Monkey See

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I struggle with the limitation of images on mobile/phones. If you are like me, when I scroll through my feed on instagram, I am often only providing a 1-2 second glance at each photo and generally the caption is what might make me hit the pause button to take a second look.

From what I've read on Instagram habits to increase your followers and engagement (and honestly it doesn't matter what I do, I havethe world's slowest traction), the advice leans to images that keep simplicity in the square. Overly detailed compositions get lost in the compression, framing and size of the image - so they don't resonate as much. This is a big problem for me.

Let me offer an example of what we lose: this weekend I was working on some photographs of Howler monkeys that I took on the Island of Ometepe in Nicaragua. (I am not really into photographing animals... like I do it, but it doesn't compel me. I think I took these more for my kids to have than for me to enjoy. But I digress!)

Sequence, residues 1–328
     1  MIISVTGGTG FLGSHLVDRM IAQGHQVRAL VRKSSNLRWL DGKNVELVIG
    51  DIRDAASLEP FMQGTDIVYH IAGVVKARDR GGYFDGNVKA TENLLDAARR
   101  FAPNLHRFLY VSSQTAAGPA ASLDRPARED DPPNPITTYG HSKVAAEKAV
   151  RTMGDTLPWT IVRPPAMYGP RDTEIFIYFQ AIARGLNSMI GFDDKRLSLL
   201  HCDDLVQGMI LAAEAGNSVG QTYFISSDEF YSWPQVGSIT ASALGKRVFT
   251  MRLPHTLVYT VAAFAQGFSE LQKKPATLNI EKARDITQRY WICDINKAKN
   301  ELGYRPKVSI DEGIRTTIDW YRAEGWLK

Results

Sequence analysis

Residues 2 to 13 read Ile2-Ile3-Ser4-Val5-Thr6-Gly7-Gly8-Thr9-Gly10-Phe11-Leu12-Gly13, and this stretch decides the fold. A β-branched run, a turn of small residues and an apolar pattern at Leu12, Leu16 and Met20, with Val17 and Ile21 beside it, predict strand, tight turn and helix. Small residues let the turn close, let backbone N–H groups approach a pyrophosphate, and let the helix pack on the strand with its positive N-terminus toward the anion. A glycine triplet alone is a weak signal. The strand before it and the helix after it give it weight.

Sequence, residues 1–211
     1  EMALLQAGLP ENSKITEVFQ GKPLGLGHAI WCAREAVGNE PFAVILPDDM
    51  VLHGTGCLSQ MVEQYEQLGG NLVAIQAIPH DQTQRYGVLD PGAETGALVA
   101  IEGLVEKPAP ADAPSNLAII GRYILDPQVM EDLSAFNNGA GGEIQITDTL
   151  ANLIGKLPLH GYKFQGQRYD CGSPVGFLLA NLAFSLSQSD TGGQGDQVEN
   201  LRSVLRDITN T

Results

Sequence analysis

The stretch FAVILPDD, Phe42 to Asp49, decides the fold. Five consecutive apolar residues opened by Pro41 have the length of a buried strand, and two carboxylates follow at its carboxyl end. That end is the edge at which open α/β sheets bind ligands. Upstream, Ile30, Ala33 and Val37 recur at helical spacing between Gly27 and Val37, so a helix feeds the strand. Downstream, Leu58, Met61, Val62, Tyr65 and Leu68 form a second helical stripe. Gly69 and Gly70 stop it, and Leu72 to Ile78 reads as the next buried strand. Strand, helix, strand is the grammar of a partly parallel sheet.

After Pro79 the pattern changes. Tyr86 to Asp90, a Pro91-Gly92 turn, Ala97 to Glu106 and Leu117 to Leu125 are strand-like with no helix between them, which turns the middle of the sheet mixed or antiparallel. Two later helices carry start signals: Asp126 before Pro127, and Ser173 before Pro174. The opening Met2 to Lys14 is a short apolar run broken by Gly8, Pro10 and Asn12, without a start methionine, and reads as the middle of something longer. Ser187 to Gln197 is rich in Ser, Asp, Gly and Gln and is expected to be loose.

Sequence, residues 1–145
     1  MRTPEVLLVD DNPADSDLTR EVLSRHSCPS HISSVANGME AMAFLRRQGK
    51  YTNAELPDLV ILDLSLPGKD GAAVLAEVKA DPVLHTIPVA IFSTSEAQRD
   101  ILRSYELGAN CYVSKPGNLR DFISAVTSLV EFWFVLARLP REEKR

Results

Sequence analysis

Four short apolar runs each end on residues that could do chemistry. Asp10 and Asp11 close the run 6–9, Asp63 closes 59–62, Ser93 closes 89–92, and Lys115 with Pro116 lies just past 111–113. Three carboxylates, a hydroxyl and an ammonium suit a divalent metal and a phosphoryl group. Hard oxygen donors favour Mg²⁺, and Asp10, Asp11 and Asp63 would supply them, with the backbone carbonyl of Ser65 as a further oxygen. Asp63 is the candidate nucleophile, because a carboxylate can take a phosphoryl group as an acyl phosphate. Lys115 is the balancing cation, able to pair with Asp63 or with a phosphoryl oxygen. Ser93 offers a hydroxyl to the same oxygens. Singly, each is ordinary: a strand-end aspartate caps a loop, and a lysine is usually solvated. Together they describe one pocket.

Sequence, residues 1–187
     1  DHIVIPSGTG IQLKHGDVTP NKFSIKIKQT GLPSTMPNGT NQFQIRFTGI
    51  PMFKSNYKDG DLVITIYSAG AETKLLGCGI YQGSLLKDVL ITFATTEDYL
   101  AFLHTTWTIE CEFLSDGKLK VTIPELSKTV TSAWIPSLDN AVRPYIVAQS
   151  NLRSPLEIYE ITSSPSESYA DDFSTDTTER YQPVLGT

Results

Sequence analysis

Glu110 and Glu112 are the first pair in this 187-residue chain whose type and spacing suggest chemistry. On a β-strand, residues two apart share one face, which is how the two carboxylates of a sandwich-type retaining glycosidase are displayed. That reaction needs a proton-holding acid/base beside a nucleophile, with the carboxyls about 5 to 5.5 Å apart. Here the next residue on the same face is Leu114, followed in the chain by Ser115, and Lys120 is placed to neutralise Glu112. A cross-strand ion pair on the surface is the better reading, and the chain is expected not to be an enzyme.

The above image of the baby monkey wasn't working well in color, the color distracted and I got hung up on finding the right tone for the tropical leaves.

When I flipped the image to black and white, the baby monkey popped and the leaves suddenly felt like a relief. Their shape was their selling feature here but it also revealed a second monkey. This is something you miss in thumbnails and mobile squares, those magical details that only reveal themselves when you enlarge.

It is discoveries like this, when I get images large on my computer, that are the magic and what continue to drive me forward. It's continuous proof that instead of dumping something into the outtakes bin, it's worth a second or third look. I would have NEVER known this monkey was there .. and just look at him looking at me! Made my day.